Published: Jan 1943
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The material in this paper consists of developments in the general art of radiography of welds which have come into use since 1936 when an earlier Symposium on Radiography and X-ray Diffraction Methods was held by this Society. The excellent papers given at that time represented the best practices in use. Since that time, a number of developments have been made which are covered in the present paper.
The maximum available voltage has been raised from 400,000 v. to 1,000,000 v. This development has allowed many further improvements in technique. Not only has it raised by many inches the maximum weld thickness which can be radiographed, but it also has allowed the wider use of lead intensifying screens to improve detail in the exograph. It also gives superior techniques for many special applications.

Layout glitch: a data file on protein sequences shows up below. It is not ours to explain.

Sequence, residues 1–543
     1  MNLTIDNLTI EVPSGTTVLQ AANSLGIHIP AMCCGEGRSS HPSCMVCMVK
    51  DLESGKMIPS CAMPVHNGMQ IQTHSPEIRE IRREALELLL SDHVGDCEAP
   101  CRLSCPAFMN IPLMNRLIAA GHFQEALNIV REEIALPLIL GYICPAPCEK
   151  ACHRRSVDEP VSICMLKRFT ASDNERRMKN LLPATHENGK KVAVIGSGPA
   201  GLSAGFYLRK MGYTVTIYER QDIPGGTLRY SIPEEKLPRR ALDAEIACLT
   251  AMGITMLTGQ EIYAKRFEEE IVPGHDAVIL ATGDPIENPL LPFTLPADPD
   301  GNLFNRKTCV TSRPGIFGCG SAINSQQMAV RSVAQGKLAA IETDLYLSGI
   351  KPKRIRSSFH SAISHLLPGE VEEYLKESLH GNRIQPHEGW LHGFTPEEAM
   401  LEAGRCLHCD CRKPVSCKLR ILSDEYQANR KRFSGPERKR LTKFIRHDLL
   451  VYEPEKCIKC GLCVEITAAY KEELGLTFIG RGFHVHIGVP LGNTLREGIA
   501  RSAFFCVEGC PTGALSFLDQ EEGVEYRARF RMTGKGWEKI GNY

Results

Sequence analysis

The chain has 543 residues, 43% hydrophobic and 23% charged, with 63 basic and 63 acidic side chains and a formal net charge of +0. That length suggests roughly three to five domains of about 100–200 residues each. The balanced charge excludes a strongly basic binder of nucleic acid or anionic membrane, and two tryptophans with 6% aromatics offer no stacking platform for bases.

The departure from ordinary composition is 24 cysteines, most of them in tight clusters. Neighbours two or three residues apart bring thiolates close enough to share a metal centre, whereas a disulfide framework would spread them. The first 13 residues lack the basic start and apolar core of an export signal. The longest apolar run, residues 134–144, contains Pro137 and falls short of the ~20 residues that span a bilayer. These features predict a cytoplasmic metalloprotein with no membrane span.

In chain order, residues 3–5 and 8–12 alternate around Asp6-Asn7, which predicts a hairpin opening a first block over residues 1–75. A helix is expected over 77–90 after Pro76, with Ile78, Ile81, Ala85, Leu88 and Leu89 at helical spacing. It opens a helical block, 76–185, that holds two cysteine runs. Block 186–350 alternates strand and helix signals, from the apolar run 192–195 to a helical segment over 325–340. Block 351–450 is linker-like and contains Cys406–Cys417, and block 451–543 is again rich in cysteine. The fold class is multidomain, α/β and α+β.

New fine-grained, high-contrast films have come into use which improve greatly the detail of exographs and gammagraphs. Techniques such as double-film viewing, which present many advantages, have come into use, and the trend toward longer film lengths for special cases is discussed.
There have been some changes in code requirements which have come about as a result of wider experience, and these changes are discussed.
Lorentz, R. E.
Metallurgist, Combustion Engineering Co., Inc., Chattanooga, Tenn.